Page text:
This scene has so much heart! Fans should really lose their minds when Wedge starts talking about how he’s been thinking about changing the name of Red Squadron and retiring that designation. We’re witnessing the birth of something really cool in this lost little moment. It’s also an interesting bit of characterization, showing that Wedge is really an introspective guy, a leader who considers how the very name of something has significance for its connotations. As if that wasn’t enough, I loved how Wedge’s eyes light up with emotion when Luke mentions another pilot who’s a mutual friend. 

Brian Wood and Carlos D’Anda manage to visit every single plot thread they’ve introduced so far within the course of this issue. There’s Leia’s lament about her adopted home world of Alderaan. There’s the Han/Chewie/Perla dynamic. Mon Mothma’s stealth cat let out of the bag. The determination of Boba Fett. The hubris of Colonel Bircher. There’s Birra Seah and Vader’s dogged quest regarding an otherwise “unremarkable” young moisture farmer from the Outer Rim. That being said, while these other threads are intercut amidst the Luke/Wedge conversation, it’s an extended scene that runs the course of the single issue. By the time you start to figure out the background patterns, see a hangar bay loaded with TIE Interceptors, TIE Fighters, and TIE Bombers, it builds toward an absolutely brilliant and enveloping reveal when you finally grasp exactly where Luke and Wedge are, where they’ve been hiding out, and what's about to happen.
D’Anda’s visuals don’t stop there. It feels like the three-issue break has allowed him to focus and reinvigorate his pencils. It’s clear in the withered majesty of Mon Mothma, or the detailed facial features of the Mon Calamari. It’s Vader standing in quiet contemplation on the bridge of a ship, or a lone X-Wing rocketing off into deep space, all familiar visual characteristics that tickle nostalgia buttons while pushing to craft new content with a simply delicious art style.

If the line “It’s a good bet the Empire…” sounds familiar, it’s because the sentence structure is intentionally lifted from Empire Strikes Back. Hold onto that thought for a second. Then we see Mon Mothma down on her knees, getting dirty, rolling up her sleeves, and doing some kind of galactic CPR with a 2-1B medical droid lurking around the same page. Hold onto that for a second now. Colonel Bircher is slinging procedural jargon about fleet warfare tactics. All of this serves as the juxtaposition of known things, but in unknown circumstances. It’s this combination of items that delight our collective sense of familiarity. The people and places and lines of dialogue that tickle the inner fanboy and recall our shared experiences with the property. But, the key is that Wood’s scripts go beyond mere fanboy titillation, because, really, anyone can do that and just drop references given access to the source material and an understanding of the internal patterns. What makes these scripts special, what makes them rise above just being a litany of Easter Eggs, is that they are Star Wars speculative fiction about the interstitial space between the known. They push forward instead of just looking back in hollow self-referential fashion. They mine and create.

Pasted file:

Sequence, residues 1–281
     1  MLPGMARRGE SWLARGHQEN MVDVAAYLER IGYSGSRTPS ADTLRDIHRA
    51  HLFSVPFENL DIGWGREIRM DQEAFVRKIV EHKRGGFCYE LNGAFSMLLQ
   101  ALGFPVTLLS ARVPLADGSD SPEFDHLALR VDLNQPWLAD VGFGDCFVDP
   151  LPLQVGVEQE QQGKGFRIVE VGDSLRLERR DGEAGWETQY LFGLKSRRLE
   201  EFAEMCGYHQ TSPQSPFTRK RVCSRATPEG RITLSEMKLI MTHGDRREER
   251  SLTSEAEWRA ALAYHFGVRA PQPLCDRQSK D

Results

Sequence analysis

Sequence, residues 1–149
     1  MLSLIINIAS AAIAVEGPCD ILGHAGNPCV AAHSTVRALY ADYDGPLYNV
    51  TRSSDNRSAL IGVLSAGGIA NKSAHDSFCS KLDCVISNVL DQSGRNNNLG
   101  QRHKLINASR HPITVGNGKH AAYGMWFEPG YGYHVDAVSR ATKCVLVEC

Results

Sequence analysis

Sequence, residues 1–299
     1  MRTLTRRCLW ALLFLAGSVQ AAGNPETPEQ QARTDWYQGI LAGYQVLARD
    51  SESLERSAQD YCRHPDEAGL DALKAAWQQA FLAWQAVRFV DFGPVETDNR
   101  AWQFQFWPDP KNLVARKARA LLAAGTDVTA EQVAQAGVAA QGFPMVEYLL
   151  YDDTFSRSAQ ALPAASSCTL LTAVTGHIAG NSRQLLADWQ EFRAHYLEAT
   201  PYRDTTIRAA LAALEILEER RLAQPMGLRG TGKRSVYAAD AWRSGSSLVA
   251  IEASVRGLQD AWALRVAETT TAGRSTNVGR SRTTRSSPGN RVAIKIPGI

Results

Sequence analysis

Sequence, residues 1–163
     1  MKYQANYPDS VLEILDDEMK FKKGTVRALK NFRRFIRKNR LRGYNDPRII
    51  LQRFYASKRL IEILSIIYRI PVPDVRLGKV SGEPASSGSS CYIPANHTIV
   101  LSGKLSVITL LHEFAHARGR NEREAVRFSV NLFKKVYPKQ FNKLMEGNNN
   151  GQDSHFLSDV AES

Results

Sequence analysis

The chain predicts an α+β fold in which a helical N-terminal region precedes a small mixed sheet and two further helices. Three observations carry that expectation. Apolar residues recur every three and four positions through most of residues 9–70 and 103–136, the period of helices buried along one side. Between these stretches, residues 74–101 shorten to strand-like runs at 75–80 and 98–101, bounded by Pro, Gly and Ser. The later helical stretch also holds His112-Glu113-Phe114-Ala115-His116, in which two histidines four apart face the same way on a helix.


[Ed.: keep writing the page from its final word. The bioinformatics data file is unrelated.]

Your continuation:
Princess Leia Organa holding an old man at blaster point in her white pilot’s jumpsuit, well, that’s just about the sexiest thing I’ve seen this side of the bounty hunter we ran into on Ord Mantell. Leia’s got all the moxie and skill of her peers, don’t you doubt it for a second. It’s important to note that the eventual tears she sheds are good indicators of not only the raw emotion anyone would experience after the extermination of their race, but the fact that it’s not a sign of weakness. Rather, it’s a result of the incredible strength she just exhibited, of bottling up her emotions, of containing her rage, when the easier thing to do would have been to just fry this guy like poor old Greedo. She doesn’t. She shows restraint and cold calculation. She leave’s him, as far as he knows anyway, resigned to his fate, a punishment worse than death, floating out in an asteroid belt in a beat up old ship, contemplating his integral role in genocide. That note circles back around to the idea expressed in the first scene with Luke and Wedge about loss. Leia’s lost her entire planet. Luke’s lost his mentor and his friends. Wedge has lost his friends and a lover. They’re reeling emotionally, because Wood has the time now to express things on paper that the movies barely touched upon in fleeting glimpses.